10 States Where Retirees are Healthiest
Retirement is supposed to be a time when you finally slow down and enjoy life. However, one thing that can make your retirement a drag is having chronic health issues. Your quality of life will be much better if you’re healthy and feel well. One factor that could impact your health is where you live.
To identify the states with the healthiest seniors, we took a look at data by America’s Health Rankings. Researchers analyzed each state’s mental health, community and environment, policy, and clinical care. Here are 10 states where retirees are the healthiest, according to America’s Health Rankings.
Iowa has a low percentage of seniors living in poverty. Retirees also have a high level of flu vaccination coverage. Furthermore, retirees in Iowa enjoy sound mental health. Residents age 65 and older have a low prevalence of frequent mental distress. In the past year, smoking decreased 13% from 9.7% to 8.4% among older adults, and in the past five years, home health care workers increased 32% from 71.4 to 93.9 aides per 1,000 adults age 75 and older.
Maryland has a high percentage of able-bodied seniors and a low smoking rate. In the past five years, smoking decreased by 22% from 9.2% to 7.2% of adults age 65 and older. There are also plenty of excellent nursing homes available for retirees who are unable to care for themselves. Over the last 12 months, four- or five-star rated nursing home beds rose 12% from 41.5% to 46.4% of certified nursing home beds.
8. Rhode Island
This state has a high percentage of able-bodied seniors. However, if a retiree begins to experience health declines, he or she won’t have to worry about getting the best care. Retirees on Rhode Island have excellent nursing homes available if they ever need one. The state has a high percentage of four- and five-star nursing homes. When it comes to the health of the general population, the state ranks 11.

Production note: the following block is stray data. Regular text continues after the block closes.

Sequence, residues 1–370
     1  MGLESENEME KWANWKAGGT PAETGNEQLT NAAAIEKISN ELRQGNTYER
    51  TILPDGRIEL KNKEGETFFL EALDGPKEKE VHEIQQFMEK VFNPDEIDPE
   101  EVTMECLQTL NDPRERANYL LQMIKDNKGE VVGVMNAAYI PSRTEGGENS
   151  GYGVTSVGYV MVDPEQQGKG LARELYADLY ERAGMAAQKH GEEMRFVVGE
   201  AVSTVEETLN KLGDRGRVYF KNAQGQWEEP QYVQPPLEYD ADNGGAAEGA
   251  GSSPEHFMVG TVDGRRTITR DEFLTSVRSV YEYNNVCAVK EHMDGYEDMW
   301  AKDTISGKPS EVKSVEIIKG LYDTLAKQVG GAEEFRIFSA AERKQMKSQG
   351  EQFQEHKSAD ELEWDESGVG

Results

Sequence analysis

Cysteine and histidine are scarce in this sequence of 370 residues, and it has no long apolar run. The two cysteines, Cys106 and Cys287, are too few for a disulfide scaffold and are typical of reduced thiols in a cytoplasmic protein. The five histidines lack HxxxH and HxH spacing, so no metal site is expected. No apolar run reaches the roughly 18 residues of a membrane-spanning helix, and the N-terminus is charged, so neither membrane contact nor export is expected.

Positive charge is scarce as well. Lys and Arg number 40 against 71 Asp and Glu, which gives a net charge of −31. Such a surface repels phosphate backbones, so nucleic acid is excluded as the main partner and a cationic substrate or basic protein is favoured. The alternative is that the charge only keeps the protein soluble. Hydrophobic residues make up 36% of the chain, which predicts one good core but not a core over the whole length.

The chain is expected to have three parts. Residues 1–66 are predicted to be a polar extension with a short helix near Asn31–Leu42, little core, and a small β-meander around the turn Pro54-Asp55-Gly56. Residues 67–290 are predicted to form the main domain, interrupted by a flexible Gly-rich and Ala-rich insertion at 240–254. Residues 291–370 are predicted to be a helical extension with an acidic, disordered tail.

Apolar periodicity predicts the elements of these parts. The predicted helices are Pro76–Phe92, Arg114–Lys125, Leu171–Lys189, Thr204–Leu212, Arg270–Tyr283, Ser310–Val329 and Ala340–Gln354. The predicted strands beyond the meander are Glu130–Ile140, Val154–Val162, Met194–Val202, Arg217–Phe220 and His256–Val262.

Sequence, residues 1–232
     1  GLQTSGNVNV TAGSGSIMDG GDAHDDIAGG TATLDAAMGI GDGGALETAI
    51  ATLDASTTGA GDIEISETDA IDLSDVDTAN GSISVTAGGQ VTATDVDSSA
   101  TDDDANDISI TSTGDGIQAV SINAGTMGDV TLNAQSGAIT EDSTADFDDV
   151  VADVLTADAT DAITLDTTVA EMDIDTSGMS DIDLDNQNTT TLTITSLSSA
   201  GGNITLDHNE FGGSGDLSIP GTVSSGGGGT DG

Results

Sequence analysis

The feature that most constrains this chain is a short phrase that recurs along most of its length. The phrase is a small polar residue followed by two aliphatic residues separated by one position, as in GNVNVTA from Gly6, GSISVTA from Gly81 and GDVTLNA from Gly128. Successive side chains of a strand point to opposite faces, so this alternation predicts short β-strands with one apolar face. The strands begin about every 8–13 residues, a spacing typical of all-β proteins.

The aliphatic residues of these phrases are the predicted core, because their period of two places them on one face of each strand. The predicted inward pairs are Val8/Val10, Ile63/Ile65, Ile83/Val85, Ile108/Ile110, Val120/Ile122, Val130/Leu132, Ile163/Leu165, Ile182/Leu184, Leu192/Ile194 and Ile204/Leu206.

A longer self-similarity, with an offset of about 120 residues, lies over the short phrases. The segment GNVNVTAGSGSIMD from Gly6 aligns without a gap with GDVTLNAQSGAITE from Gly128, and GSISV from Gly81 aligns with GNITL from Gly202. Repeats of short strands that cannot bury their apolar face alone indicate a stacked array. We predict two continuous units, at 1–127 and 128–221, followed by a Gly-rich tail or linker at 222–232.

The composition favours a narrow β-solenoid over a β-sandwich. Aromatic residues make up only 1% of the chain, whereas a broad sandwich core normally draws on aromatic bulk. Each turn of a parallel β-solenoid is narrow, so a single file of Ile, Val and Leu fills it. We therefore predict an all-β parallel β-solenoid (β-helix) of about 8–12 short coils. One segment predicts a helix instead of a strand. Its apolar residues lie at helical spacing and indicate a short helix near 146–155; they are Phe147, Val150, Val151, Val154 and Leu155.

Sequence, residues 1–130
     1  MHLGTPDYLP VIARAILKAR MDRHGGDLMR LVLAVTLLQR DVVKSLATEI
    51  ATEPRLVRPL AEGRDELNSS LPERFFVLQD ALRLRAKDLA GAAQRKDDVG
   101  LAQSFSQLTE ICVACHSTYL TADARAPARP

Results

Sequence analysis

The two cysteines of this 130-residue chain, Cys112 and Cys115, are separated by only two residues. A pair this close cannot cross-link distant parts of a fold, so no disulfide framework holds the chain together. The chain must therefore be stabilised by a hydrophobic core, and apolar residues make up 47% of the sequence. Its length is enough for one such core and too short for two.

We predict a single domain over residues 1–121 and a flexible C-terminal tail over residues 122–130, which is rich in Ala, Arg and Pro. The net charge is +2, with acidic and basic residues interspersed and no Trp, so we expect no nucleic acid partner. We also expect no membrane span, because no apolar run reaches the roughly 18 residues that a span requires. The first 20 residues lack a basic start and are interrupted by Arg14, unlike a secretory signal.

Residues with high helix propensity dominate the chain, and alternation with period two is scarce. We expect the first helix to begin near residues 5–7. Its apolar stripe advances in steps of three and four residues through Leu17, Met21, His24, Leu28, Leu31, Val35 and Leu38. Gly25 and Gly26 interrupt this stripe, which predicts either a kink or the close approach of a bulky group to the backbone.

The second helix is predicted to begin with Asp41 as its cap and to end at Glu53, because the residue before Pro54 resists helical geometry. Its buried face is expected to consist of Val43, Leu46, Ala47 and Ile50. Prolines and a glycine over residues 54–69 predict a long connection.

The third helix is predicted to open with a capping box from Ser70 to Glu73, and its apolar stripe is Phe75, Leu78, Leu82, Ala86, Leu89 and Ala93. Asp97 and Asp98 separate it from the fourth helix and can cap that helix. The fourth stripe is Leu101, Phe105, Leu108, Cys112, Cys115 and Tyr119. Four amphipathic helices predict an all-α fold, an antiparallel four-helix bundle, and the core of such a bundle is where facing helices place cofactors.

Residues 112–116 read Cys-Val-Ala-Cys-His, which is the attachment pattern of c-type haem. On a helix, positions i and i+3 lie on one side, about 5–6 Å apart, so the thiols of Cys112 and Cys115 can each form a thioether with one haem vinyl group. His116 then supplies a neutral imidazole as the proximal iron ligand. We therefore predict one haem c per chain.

Massachusetts retirees are on top of their health. The state has a high prevalence of health screenings. Making health a top priority has paid off. Massachusetts has a low early death rate. Furthermore, the state takes the No. 1 spot when it comes to the overall health of the general population and the health of women and children.
Connecticut seniors have a low incidence of excessive drinking or smoking. The prevalence of excessive drinking was just 7.9% of adults age 65 and older and the prevalence of smoking was 7.8%. Seniors in Connecticut make dental health a priority. Roughly 75% of seniors visited the dentist in 2017. When it comes to finances, just 6.5% of seniors are in poverty.
Few Colorado seniors smoke or have a problem with excessive drinking. The prevalence of excessive drinking was just 7.3% of adults age 65 and older and the prevalence of smoking was 8%. Seniors in Colorado also take their dental hygiene seriously. Roughly 71% of seniors visited the dentist in 2017. When it comes to finances, just 7.6% of seniors are in poverty.
You won’t see retirees leading a sedentary life in this state. Minnesota has a high percentage of able-bodied seniors. There are also a high number of home health care workers. The best news for retirees in this state is that early deaths have declined by 3% over the last 12 months from 1,542 to 1,498 deaths per 100,000 adults age 65 to 74.
3. New Hampshire
New Hampshire has many strengths. The state has a low percentage of seniors living in poverty. There is also a high percentage of able-bodied seniors. Furthermore, in the past five years, smoking decreased 15% from 7.3% to 6.2% among adults 65 and older.
Hawaii is one of the best states when it comes to the health of retirees. The state has a low prevalence of obesity, a low preventable hospitalization rate, and a low early death rate. Another highlight is that physical inactivity decreased 13% from 27.2% to 23.6% over the last four years among adults aged 65 and older who are in fair or better health.
Utah is the healthiest state for seniors. They took the top spot from Minnesota, which was No. 1 in 2017. This state has seen steady improvement since assuming the No. 10 spot in the inaugural America’s Health Rankings Senior Report in 2013. Utah has the lowest prevalence of excessive drinking (2.6% of adults age 65 and older), the lowest prevalence of smoking (3.7%), and a low percentage of hospital readmissions (12.3% of Medicare enrollees aged 65 and older).
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